Michael Toolan – Narrative Theories
Michael Toolan is an Edinburgh University educated professor of English Language and Literature at Birmingham University. While teaching for several years with focus on the English language, the distinctive professor has engaged in authorship and publication of several literary materials aimed at improving the learning capability of The English language in many of its contexts (Toolan, 2016). Through his work, the professor has dwelled on the subjects of oral presentations, narratives and poetry, while delving into the process of analyzing them, the key aspects that constitute the various concepts of analysis and the application of theories to analysis of literary pieces. Professor Toolan has published many books, particularly on the linguistic characteristics of various forms of works such as poems and short stories. As the focal point of the present study, the works of Professor Toolan with focus on the narrative will be discussed i.e. their proposed theories and the relevance of those theories in the contemporary works. The outcome will be used for the analysis of various interview excerpts in the context of the interview.
- Description of theory
Michael Toolan, through his various works proposes a theory of narrative development based on particular features. According to his theory, narrative development can be understood through analysis of the concepts of expectation and prospection. He proposes a structural stylistic method of narrative analysis which involves consideration of various factors considered as constituting a well formulated narrative. To understand whether a piece of work is a narrative or has undergone the complete narrative development cycle, Michael Toolan defines expectation as the attitude of the audience to the work, characterized by the desire to comprehend the eventualities in the narrative presentation, whether oral or written (2009). Any piece of work projects such expectations through stylistic ingredients of narration such as presentation gaps, suspense, and mystery. In the development of his theory, Toolan mentions factors such as use of names where pronouns could function effectively as examples of how the core ingredients could be used to create expectation in the audience (Huisman, 2011).
While expounding on the concept of narration in the development of presentations, the author also discusses how the corpus linguistic awareness approach and the Gricean approach to narrative analysis can be used together to build the foundations of a narrative (Toolan, 2009). According to the author, the two approaches used together build each other rather than destroying the presentations of the other. The corpus linguistic awareness approach discussed involves the use of various characteristics to determine the effectiveness of narration. From this perspective, the narrative is characterized by the presence of the tale, teller and the addressee. The addressee in the narrative has to trust the teller of the narrative in order for communication to be successful. Moreover, the initialization of a narrative is characterized by the use of verbs such as ‘know’ and ‘think’ which prompt the addressee to think about possibilities of the coming information (Toolan, 2008). Other characteristics of narration from this perspective include repetition of key words, future orientation, presence of negation clauses such as don’t and not which indicate the desire to comprehend more of what the teller is giving (Toolan, 1988). Each narrative also has a trajectory and the content is either pre-seen or pre-heard.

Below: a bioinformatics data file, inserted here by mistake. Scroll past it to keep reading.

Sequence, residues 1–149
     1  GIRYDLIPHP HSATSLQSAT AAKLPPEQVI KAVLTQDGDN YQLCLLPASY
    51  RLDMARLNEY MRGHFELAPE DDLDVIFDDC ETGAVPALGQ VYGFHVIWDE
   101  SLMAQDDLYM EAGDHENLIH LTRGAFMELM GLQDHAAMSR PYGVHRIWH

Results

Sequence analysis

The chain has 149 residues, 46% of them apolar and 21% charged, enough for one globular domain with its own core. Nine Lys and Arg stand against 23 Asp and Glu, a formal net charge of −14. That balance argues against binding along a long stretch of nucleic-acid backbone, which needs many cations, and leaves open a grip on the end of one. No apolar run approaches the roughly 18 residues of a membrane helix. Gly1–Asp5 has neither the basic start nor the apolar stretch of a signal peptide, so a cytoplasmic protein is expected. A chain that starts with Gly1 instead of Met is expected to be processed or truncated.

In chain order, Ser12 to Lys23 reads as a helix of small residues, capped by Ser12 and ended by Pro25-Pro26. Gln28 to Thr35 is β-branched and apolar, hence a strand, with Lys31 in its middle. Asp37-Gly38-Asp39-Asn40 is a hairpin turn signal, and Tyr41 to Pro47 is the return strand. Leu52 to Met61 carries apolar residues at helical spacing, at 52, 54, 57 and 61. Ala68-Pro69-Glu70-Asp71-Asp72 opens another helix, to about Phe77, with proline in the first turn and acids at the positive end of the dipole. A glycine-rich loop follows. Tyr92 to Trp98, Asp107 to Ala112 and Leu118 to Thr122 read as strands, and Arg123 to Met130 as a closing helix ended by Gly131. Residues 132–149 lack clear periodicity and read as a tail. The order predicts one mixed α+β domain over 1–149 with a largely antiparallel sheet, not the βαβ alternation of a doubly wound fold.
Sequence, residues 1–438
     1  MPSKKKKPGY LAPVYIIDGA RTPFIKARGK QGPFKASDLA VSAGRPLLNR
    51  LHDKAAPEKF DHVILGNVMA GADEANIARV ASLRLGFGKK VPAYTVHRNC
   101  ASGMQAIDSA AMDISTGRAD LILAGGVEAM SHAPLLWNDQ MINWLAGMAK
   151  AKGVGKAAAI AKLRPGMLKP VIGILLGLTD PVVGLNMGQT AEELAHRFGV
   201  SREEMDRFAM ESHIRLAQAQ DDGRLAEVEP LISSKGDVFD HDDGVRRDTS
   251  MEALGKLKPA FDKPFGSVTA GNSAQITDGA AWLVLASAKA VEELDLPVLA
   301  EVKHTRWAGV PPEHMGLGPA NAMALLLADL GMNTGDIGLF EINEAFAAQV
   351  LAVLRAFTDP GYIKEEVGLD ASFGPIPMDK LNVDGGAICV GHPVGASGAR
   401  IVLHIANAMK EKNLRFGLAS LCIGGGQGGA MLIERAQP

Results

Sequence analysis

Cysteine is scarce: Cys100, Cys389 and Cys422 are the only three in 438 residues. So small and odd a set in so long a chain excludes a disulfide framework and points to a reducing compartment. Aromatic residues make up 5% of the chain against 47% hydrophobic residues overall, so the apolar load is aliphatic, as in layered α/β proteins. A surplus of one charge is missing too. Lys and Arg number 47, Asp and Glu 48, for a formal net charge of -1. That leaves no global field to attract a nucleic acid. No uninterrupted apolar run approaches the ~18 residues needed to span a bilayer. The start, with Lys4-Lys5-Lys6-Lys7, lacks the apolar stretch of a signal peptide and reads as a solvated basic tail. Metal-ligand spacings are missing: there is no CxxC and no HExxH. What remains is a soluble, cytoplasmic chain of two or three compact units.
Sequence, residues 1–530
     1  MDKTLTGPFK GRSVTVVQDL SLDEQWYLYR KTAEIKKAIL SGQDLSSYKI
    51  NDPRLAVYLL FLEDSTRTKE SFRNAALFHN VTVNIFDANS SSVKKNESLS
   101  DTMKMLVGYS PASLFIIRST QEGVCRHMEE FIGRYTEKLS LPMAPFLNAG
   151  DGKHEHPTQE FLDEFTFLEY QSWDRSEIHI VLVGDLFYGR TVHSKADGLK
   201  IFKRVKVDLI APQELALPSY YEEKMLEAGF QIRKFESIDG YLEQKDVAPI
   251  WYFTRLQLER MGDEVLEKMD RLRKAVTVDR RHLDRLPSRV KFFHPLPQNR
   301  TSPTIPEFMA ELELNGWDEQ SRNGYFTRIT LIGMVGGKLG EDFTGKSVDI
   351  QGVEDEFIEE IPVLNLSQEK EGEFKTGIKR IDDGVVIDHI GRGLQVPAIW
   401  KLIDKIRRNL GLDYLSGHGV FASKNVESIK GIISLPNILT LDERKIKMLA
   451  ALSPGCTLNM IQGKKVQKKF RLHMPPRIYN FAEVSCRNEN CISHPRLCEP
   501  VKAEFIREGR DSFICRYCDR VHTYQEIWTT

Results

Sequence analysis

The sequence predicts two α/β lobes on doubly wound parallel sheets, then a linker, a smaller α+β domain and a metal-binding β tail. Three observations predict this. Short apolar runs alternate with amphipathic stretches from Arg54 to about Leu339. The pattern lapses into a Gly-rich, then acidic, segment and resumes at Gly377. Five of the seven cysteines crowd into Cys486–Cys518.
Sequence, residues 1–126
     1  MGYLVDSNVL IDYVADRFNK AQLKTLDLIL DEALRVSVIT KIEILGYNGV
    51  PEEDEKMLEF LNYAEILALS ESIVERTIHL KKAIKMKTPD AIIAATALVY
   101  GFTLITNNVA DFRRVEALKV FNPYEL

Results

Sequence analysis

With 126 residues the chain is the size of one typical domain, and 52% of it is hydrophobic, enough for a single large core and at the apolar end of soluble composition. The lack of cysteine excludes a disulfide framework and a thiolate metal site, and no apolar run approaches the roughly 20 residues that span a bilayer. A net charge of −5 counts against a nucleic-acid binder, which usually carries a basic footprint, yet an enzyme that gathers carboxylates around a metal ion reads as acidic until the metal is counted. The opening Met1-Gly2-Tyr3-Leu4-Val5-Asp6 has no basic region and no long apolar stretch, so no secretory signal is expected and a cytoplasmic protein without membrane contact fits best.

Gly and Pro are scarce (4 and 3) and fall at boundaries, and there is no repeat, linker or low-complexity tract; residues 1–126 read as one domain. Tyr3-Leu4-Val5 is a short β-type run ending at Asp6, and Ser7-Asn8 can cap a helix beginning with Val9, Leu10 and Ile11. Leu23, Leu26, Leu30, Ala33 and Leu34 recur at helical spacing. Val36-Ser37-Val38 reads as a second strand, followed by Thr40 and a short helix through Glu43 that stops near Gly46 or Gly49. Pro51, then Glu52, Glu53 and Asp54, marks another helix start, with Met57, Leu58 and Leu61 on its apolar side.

From the theory developed by Michael Toolan, it is difficult to define and classify communication as narratives after considering the available characteristics. It is therefore possible to use the characterization given by Toolan as a form of structural linguistic awareness procedure for the characterization of interviews as narratives (1988). Besides, the characterization proposed by Toolan, Labov (2013) also describes the key concepts in narrative development. This can be used in combination with the theory of expectations and prospection to advance in narration analysis.
III. Description of method
In most of the works by Michael Toolan, the corpus linguistic awareness approach to narrative development is used to critically analyze the narratives for expectation and prospects. This study tries to emulate the same method in analyzing an excerpt from an interview with two groups of participants. Toolan collected data through the collection of pre-published works such as books, and poetry and using them to exemplify the application of his proposed theories as he compared them with other theories. Through his examples, Michael managed to show exactly how the aspects of expectation and prospection can be used to describe the oral and literary features of narratives and how conclusions can be drawn on the existence of narratives. In the works based on various texts by various authors, Toolan carried out in-depth analyses which focused on the subjects of narration.
In the present research, a similar approach was taken to complete the analysis of a narrative type interview, presented in two excerpts. The interviews to be used were recorded during pair work with low proficiency English speakers from Saudi Arabia and Lebanon and another from high proficiency English speakers from England and Australia. Based on the observed and heard features of the interview presentations, the objective was to determine whether the interview excerpts exemplify the characteristics of narration or not. The interview process was carried out while audio recorded for the purpose of later analysis. The interviews were not exactly as expected with the researcher asking questions and the respondents giving answers. The respondents were divided into two groups, one comprising of low proficiency speakers and another comprising of high proficiency English speakers. Each of the pairs was then given a task to complete, where they were expected to enter into a discussion about their activities, countries of origin and pass time activities.